Nurses like you are needed now more than ever. You may think your only options are working in hospitals or nursing homes. However, in-home care has become more prevalent in recent years. More older adults are voicing their desires to keep their independence and their property, even when it becomes too much to maintain. According to the AARP, most older adults want to stay in their homes and communities for as long as possible.
Nurses can benefit from in-home care too. Sometimes, it can be exhausting staying in one building for too long, especially if you work long hours or work graveyard shifts. But by working as an in-home nurse, you can move from place to place, allowing you to be there for your patients when they need you most.
What skills are necessary to be an in-home nurse?
If you’ve worked as a nurse in a hospital or assisted living setting, you may already have many of the skills and qualifications necessary. There are some learning curves, but they’re nothing too out of the ordinary. For instance, your typical day may require a little more flexibility than that of a regular nurse. But, by planning ahead as best you can, it can help keep all of your patients’ schedules in line. A quick call the morning of or the night before visits can help you support your patients and give them the proper care.
In-home nurses are also responsible for preventative care. They can practice preventative care by watching for early signs and symptoms of potential health problems, so their patients don’t wind up in the hospital. Preventative care isn’t just about monitoring for potential issues, it can also include managing a patient’s medications and keeping track of their dietary needs.
The benefits of being an in-home nurse
Despite the minor learning curves, there are still many advantages of being an in-home nurse. It can be just as or even more rewarding than working in a clinical setting. Here are a few of the perks that come with the job:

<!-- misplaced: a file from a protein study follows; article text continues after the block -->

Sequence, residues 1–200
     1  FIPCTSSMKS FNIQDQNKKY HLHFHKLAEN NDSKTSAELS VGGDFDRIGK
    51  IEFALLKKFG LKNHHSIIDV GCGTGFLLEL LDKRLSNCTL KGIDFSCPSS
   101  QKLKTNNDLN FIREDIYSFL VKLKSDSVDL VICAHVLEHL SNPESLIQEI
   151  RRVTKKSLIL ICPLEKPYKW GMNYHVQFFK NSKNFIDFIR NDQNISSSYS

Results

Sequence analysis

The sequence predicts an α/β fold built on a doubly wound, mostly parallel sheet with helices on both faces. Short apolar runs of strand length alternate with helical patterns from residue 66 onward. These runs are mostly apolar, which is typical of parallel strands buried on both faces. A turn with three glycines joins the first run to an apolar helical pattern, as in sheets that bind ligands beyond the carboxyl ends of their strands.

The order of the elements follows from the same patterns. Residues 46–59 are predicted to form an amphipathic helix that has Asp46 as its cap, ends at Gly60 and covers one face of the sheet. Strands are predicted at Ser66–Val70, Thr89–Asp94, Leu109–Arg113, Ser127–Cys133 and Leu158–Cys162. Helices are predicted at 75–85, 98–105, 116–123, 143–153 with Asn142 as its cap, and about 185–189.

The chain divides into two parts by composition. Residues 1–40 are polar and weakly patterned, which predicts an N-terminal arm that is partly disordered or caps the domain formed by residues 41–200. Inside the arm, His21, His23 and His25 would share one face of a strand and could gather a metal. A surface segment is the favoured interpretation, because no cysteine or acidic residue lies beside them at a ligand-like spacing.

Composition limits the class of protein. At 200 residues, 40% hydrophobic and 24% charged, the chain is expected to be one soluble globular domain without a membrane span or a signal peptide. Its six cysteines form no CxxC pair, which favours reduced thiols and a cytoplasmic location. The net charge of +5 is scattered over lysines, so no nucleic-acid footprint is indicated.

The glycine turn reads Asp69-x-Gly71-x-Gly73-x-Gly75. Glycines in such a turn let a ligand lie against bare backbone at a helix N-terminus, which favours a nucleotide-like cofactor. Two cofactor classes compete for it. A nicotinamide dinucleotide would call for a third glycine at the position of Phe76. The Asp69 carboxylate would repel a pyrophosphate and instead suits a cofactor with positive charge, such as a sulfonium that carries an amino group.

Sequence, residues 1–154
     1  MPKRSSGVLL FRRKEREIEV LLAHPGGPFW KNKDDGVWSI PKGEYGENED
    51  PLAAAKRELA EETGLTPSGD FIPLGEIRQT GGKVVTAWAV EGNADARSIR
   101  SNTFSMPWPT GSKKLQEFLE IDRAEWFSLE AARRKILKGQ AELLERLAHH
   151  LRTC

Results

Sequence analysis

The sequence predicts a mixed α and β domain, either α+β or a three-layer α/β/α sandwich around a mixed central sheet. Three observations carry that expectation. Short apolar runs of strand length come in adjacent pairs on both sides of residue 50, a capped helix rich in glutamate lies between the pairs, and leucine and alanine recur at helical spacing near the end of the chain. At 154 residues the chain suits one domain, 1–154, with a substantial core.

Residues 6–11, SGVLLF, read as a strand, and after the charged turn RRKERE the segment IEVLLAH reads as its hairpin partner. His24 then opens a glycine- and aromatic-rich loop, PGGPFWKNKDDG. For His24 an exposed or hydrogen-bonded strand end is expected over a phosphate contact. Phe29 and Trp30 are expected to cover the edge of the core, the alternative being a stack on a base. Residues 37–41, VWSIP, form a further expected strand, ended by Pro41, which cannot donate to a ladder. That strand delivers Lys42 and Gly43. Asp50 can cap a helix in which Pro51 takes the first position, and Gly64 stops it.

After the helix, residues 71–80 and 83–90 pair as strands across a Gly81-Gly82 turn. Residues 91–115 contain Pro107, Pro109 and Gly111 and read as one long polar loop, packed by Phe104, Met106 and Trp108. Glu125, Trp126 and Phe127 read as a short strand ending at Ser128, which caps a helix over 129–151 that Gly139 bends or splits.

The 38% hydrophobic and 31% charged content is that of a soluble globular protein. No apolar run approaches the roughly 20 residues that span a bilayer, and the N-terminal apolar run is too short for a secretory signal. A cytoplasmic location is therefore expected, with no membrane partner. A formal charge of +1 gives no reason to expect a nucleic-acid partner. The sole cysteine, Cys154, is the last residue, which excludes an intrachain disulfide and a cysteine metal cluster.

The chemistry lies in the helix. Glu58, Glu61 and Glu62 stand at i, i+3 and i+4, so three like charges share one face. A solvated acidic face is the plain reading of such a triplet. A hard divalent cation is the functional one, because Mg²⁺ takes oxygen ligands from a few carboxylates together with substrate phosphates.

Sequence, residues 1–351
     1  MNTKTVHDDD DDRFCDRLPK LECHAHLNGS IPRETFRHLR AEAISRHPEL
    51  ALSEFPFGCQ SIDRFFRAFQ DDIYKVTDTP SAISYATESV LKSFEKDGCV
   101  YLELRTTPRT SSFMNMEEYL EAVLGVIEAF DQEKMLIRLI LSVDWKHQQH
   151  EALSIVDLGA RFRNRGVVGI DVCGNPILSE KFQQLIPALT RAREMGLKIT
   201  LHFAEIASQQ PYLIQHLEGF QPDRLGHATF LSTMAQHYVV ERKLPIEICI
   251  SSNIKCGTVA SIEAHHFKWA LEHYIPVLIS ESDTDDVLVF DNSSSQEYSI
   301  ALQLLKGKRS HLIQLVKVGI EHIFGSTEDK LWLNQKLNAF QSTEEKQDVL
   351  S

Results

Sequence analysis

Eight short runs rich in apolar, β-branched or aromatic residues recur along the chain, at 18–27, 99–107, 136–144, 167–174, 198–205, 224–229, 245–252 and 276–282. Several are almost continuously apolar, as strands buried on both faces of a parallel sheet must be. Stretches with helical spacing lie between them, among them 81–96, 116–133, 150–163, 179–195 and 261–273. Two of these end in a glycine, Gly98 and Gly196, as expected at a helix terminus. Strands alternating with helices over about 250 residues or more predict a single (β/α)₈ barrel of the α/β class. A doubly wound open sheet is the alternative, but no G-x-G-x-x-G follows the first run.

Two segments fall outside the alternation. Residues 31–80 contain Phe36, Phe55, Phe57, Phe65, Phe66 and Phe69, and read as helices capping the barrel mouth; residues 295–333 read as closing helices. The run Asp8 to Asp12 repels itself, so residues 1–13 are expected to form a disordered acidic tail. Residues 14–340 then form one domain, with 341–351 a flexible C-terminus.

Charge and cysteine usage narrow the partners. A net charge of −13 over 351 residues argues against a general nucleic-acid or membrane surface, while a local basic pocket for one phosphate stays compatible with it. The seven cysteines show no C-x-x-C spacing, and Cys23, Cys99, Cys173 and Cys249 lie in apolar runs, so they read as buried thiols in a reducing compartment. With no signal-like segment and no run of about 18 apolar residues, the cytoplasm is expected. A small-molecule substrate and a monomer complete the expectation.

- Flexibility based on caseload: Because in-home nurses have multiple designated patients, this helps give them some control over their day-to-day settings. Each patient’s needs may vary throughout the day but limiting how many they take on can allot in-home nurses with a little more certainty and predictability than they would get in a hospital.
- Patient preference: Nurses who work in hospitals or other clinical settings can be tasked with countless patients, especially if their organization is understaffed. Unfortunately, this can leave these nurses dealing with situations they’re not always equipped to handle. But, as an in-home nurse, you can have more say in the types of patients you work with. For instance, if you’re a nurse practitioner and specialize in gerontology, you can choose to work primarily with elderly patients.
- Developing deeper connections with patients: Hospital settings don’t always enable nurses to build strong patient relationships. But, by working as an in-home nurse, you can put names and faces to those you serve. When you know their story, their medical history and their current troubles, you can better understand how to help them. Older adults especially appreciate this. Not only can in-home nurses provide the care they need, but they may also help them cope with loneliness and isolation, as some may not get to see their families regularly.
Allowing you to provide care from anywhere
Nurses now have more autonomy in their careers than ever before. And as older adults want to stay home longer, caring for these patients can provide new opportunities for both parties.
At Pinnacle Home Care, we are looking for skilled and talented nurses like yourself to aid those who need it most. We provide our staff with an inclusive and supportive culture that serves both our patients and employees. With the right skills and attitude, we think you’d make a great addition to our team. If you want to learn more about our company and our career opportunities, check us out on our website.